Lawsuits Against Banks Proliferate Over Employee PaySeptember 13, 2009 – In The News
Hundreds of banks and other financial institutions may be sued for overtime pay by staff they have misclassified as "exempt" professionals. The issue has manifested itself into hundreds of lawsuits since a 2004 revision of federal wage and hour regulations, including a new class action filing against Franklin First Financial, the national mortgage broker based in Melville, N.Y. Banks similarly are vulnerable.
There has been a "wholesale misclassification of employees in this industry" as exempt from overtime pay, warns attorney Mark Tabakman, who has defended many class actions and says they're proliferating. "There have been hundreds of these cases. Anecdotally, there is not a week that goes by that there is not a report of a financial services employer being sued in such a class action" by loan officers, loan originators, mortgage brokers and similar titles.
Banks and other financial institutions should conduct regular internal audits of each individual salaried position - actual duties, not job description - to determine if it is properly classified as exempt, Tabakman says.
"This scrutiny must focus on the regulatory definition of exemption for financial services people," he says. Since loan officers, loan originators and mortgage brokers typically don't supervise more than one person and usually don't fall under the definition of "professionals" - FLSA classifies supervisors and professionals as exempt - the only other applicable white collar exemption is the "administrative exemption."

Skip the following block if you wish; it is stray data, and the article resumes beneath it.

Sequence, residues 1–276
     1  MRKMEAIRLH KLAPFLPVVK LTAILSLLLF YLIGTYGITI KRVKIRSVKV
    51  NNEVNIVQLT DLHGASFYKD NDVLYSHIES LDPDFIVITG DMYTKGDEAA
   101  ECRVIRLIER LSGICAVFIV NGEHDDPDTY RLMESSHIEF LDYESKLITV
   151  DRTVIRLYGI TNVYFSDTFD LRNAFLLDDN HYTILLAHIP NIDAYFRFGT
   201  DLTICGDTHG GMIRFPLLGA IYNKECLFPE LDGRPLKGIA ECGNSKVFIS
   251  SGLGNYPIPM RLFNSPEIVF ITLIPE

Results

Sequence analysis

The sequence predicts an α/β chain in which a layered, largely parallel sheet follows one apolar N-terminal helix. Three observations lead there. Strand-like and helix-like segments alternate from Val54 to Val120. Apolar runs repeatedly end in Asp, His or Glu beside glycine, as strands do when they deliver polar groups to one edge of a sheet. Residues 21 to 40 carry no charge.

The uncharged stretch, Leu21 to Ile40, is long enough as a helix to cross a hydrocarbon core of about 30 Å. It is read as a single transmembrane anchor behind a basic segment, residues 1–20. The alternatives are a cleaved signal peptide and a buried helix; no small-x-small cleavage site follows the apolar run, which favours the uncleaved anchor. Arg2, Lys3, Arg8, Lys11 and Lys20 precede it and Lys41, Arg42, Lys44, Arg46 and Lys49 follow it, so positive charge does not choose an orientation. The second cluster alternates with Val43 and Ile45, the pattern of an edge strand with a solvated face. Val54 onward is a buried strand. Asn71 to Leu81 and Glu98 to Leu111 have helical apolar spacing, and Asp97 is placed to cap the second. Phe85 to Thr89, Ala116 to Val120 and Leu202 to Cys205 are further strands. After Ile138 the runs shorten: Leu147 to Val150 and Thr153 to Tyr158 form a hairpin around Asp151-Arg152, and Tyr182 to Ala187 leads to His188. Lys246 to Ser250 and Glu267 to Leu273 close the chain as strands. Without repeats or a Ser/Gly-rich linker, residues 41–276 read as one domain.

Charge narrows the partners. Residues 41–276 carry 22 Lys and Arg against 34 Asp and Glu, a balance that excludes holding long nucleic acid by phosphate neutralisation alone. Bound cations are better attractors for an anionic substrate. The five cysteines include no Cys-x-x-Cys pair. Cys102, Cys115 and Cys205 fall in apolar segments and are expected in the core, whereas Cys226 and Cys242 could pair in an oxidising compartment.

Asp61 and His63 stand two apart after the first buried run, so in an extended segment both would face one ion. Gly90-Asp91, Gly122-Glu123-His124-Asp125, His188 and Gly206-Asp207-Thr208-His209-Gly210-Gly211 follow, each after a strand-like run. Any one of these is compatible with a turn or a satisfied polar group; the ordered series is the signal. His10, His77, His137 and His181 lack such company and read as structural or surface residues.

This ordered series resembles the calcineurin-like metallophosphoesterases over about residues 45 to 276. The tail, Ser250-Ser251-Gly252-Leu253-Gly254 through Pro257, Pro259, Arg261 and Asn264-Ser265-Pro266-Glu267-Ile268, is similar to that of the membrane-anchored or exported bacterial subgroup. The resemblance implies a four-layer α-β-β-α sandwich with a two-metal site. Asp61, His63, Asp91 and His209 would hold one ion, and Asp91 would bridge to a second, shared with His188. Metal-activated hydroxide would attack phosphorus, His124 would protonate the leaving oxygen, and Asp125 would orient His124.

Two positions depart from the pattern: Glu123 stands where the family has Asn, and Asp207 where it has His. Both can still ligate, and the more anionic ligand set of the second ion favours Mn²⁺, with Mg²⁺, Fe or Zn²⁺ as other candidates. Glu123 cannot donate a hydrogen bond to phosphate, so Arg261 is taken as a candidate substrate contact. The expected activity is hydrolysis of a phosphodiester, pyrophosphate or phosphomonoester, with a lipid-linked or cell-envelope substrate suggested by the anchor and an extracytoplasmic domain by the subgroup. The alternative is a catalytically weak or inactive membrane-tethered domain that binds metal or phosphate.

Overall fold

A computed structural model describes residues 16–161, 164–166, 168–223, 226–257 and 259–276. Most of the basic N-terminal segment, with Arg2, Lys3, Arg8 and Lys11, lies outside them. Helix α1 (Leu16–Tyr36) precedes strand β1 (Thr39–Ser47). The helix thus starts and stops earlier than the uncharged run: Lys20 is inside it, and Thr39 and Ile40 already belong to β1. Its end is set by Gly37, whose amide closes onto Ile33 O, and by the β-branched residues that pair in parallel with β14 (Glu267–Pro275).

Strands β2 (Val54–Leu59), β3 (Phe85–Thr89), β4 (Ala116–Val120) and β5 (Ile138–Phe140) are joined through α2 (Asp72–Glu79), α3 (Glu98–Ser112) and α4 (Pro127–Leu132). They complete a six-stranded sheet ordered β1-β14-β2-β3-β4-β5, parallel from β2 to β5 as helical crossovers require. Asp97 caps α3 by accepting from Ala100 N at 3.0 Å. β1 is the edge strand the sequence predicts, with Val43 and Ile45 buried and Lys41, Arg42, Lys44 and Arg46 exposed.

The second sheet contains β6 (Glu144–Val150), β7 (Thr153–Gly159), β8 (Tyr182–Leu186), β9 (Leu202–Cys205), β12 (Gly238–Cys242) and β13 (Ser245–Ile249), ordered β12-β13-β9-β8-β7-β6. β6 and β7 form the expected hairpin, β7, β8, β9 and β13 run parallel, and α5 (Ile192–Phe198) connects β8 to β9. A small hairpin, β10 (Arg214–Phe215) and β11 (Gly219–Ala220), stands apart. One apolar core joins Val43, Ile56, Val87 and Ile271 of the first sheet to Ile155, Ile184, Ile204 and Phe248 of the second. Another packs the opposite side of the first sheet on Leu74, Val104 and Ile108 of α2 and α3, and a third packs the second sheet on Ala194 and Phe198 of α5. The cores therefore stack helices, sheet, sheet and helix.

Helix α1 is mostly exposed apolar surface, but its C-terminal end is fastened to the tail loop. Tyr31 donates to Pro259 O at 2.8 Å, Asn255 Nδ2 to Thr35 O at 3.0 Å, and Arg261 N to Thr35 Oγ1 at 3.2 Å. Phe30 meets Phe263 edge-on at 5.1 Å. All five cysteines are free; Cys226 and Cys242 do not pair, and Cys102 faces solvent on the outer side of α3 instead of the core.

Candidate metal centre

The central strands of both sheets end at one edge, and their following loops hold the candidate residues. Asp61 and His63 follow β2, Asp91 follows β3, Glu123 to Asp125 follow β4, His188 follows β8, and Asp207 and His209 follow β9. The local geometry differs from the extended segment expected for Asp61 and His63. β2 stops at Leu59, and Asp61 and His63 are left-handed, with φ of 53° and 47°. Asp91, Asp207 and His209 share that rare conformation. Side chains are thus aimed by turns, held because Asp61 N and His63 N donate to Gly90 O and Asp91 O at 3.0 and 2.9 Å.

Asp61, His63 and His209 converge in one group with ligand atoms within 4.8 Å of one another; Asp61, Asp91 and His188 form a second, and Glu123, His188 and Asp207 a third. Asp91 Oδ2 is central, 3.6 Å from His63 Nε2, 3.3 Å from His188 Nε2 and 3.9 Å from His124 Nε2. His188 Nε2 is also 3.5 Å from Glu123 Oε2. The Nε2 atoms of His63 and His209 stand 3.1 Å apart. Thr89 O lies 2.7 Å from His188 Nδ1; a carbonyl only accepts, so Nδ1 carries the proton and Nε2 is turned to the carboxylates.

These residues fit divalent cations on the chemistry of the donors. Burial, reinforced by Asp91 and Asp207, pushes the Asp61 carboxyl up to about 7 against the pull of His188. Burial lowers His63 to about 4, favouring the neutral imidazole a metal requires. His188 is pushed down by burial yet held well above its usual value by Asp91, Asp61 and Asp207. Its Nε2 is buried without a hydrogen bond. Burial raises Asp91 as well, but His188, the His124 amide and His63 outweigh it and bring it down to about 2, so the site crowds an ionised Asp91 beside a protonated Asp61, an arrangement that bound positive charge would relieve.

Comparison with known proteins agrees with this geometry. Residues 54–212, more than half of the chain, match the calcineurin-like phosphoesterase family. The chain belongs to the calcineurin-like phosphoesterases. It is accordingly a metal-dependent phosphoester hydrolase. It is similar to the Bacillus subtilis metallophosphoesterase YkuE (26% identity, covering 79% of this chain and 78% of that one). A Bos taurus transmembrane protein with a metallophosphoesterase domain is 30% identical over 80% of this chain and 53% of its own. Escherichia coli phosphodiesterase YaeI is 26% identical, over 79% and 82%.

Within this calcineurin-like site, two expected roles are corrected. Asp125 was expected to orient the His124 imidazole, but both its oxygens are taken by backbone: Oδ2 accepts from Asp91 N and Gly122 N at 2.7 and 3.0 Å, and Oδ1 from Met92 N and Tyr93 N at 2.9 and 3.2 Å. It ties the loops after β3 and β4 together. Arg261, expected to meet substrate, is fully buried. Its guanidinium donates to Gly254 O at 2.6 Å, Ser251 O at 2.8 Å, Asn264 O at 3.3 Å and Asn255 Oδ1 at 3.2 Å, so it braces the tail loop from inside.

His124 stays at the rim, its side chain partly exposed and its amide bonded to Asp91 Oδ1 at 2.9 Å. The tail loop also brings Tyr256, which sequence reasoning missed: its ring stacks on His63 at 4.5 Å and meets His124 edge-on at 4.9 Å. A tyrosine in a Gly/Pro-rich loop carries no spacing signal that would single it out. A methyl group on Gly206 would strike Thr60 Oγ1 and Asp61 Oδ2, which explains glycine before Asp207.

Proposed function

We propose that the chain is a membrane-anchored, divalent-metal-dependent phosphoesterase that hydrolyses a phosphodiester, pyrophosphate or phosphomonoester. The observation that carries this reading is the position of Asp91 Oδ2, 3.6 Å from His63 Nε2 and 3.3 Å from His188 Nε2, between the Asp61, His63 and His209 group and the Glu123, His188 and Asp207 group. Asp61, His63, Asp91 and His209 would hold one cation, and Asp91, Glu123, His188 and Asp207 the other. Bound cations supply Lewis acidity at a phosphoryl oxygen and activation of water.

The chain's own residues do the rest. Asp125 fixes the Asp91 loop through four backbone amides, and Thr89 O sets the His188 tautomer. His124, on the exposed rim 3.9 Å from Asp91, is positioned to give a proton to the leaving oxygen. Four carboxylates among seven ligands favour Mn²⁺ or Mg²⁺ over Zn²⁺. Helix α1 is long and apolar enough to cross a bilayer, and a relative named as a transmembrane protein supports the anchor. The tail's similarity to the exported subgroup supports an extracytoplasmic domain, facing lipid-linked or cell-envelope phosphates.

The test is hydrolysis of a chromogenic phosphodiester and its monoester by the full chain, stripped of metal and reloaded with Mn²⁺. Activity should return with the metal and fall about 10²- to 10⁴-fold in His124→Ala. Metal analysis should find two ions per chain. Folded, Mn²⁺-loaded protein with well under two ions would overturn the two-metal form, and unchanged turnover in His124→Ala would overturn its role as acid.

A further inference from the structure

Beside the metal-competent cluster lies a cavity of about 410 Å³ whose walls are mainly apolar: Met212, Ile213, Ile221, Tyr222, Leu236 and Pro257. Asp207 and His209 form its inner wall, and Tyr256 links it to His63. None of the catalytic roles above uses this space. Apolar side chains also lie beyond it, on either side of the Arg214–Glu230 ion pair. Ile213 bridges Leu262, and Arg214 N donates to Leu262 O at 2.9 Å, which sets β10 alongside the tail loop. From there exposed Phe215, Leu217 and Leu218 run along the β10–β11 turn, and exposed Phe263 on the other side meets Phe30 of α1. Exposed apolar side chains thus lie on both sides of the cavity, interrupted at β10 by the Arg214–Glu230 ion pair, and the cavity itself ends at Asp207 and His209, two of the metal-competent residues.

That's a tough one to prove and typically gets attacked in bank cases, Tabakman says. The administrative exemption requires that the employee:
(a) Primarily performs office work - not sales - related to management or general business operations (including marketing, promotion and business operations),
(b) Exercises "discretion and independent judgment" on significant matters by making decisions or recommendations as opposed to using "skill and experience" in applying existing standards, and
(c) Be paid a salary of no less than $455 per week under the FLSA.
In financial services, the employee is considered exempt if the primary duty is analysis of customers' financial situations in order to recommend financial products, Tabakman says, citing a 2004 revision to FLSA Part 541. But even this is murky because the analysis, which is exempt work, typically is done to set-up a sale, which is not exempt. If sales turns out to be more than 50% of that job, but you classify the employee as exempt and he or she works overtime, you are vulnerable.
This is a "perfect storm of bad news for an employer trying to defend an action," Tabakman says: highly paid employees working long hours in arguably non-exempt jobs.
One danger for banks is that because they are "extraordinarily regulated," discretion and independent judgment may not come into play because loan officers and others are governed by compliance regs, as well as credit scores and bank policies, Tabakman says. Excessive reliance on manuals could lead to the perception that the employee is "merely looking up the answer" - a skill that does not entail discretion.
Result: Banks are misclassifying "in a wholesale manner those kinds of folks as exempt from overtime," Tabakman says. "Many of these employees are making pretty high salaries - $50,000, $100,000 per/year. Con-commitment to that, you have people working 45, 50 hours or more. So you have the potential for a big liability."
The liability grows if the case moves to class action status - "the horrible danger for the employer community" - particularly if it, for instance, comprises every loan originator in the country for a money center bank, Tabakman adds. "It just takes one. It drives up the stakes geometrically... You have the possibility of just a mess."
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